A few years ago, knowing that Lincolnshire, where my paternal ancestry is from, was part of the 'Danegeld" (the area controlled by the Danes) in the 7th-9th C, I decided to see what I could find out about the Danes who settled there. I went through the names of as many Lincolnshire villages as I could find and divided them into origins:
Danish- with the ending 'by' meaning fortified settlement and –thorpe= farm
Ango-Saxon: with the endings –borough (fort), -tun and-ham (farmstead), -ford, worth (enclosure) and well/spring. -Tun became town, but stayed as –ton in placenames. A further ending is –ey, or eye which means an island or a built up area in a marsh.
I then went to Wikipedia and Genuki and other sites which listed the etymologically reconstructed names of the founders of these settlements. I came up with "113 definite identifications of the original Viking heads of households of Lincolnshire, one, at least, of which was a woman. There are several probable and possible identifications and a number of not yet identifiable. That is a formidable group of ancestors indeed. There are also some groups of people identifiable including Frisians and Irishmen, showing that not all the invaders were Danes, Norwegians or Swedes. A few German names in amongst the 112 may also indicate that some of these had fought well, well enough to become chieftains of their own byrs and thorpes." (MVA- Sue Scarcella) PLUS "we can definitely identify 67 Anglo-Saxon founders. Moreover, we can probably identify 29 more and possibly identify a further 16. That makes 112 possible Anglo-Saxon ancestors. Once again, one of these leaders appears to have been a woman, though that is debatable from the evidence. Two were clerics (which probably, but not definitely made them celibate- celibacy in the English church was not compulsory until Norman times, and even then was hard to police. It was never a Biblical command, just a church practice.)" (MVA- Sue Scarcella). But wait! There's more! There is also one possible Briton and even a possible Roman name.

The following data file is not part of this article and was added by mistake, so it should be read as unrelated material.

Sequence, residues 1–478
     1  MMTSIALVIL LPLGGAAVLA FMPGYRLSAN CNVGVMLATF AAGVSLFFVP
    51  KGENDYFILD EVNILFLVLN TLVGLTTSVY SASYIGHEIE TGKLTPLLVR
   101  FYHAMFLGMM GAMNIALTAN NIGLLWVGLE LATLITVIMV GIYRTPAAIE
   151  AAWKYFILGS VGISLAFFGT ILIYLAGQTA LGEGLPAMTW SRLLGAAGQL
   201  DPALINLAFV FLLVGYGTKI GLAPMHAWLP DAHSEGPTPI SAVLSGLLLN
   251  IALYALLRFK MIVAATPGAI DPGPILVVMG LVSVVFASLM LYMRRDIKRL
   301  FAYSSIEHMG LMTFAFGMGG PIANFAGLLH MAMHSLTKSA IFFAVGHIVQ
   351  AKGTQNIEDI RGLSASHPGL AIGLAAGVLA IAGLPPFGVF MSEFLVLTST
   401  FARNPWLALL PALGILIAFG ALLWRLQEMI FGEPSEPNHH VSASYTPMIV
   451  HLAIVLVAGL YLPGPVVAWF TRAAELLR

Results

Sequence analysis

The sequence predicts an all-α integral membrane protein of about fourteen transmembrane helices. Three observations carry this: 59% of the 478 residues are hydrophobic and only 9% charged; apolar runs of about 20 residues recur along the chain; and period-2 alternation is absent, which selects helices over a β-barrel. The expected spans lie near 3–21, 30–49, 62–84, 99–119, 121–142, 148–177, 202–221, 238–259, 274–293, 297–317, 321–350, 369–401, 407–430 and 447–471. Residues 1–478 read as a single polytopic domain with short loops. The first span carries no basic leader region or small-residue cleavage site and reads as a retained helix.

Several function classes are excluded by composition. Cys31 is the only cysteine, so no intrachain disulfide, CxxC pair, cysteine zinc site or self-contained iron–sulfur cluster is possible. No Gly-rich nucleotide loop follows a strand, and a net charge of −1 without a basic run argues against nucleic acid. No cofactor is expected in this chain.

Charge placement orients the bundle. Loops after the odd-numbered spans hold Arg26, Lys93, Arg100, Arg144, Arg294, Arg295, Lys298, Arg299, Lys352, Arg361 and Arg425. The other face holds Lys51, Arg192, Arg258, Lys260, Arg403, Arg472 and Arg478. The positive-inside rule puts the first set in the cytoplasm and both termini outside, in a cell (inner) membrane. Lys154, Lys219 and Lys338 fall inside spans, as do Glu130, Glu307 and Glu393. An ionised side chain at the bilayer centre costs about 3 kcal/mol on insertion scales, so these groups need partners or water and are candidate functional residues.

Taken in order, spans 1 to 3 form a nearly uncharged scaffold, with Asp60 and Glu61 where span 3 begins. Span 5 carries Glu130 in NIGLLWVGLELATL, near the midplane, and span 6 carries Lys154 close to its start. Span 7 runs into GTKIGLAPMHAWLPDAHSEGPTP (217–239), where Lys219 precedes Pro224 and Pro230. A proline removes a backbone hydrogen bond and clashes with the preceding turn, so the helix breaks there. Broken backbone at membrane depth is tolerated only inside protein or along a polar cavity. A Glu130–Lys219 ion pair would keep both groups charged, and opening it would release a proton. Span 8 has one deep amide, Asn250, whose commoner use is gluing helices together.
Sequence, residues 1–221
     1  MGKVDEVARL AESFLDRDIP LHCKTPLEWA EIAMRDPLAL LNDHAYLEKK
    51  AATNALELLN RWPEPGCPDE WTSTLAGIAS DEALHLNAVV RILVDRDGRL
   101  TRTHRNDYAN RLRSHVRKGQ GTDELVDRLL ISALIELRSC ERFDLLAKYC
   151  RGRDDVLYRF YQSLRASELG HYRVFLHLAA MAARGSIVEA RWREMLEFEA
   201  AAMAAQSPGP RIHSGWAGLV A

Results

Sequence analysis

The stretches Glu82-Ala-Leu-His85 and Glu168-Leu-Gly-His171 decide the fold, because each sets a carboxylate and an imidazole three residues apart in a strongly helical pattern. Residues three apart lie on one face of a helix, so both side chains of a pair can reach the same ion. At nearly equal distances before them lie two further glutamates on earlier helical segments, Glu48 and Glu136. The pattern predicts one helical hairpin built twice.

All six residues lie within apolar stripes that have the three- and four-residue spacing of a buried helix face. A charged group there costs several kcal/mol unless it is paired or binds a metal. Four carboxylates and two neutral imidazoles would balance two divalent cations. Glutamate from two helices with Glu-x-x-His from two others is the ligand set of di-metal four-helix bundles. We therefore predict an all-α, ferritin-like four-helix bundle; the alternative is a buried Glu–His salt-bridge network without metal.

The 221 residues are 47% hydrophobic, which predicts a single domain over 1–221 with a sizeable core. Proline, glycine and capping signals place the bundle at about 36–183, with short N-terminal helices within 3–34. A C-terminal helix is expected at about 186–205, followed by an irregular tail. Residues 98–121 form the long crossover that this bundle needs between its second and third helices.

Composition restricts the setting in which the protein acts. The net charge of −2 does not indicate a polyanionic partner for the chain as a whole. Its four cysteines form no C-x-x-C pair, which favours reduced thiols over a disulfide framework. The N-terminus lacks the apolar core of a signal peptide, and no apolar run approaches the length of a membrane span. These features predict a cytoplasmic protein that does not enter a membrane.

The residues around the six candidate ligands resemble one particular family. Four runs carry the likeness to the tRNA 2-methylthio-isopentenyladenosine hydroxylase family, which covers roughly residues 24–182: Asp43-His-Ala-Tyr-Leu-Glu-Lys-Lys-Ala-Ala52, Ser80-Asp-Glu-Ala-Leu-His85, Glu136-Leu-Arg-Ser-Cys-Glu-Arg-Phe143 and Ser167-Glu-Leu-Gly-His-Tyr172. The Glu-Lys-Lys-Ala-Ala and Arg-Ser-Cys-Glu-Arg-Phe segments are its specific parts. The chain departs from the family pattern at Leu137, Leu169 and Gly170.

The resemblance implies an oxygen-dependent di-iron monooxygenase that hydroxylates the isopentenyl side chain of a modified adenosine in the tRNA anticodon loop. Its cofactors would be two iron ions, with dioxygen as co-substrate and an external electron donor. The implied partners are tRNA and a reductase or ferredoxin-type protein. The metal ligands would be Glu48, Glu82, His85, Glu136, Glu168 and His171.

I can never prove descent from any of the Danes in this study, but the chances of being descended from some of them is high, given that my ancestors have been in Lincolnshire for over 1000 years on some lines and 500 years on many others.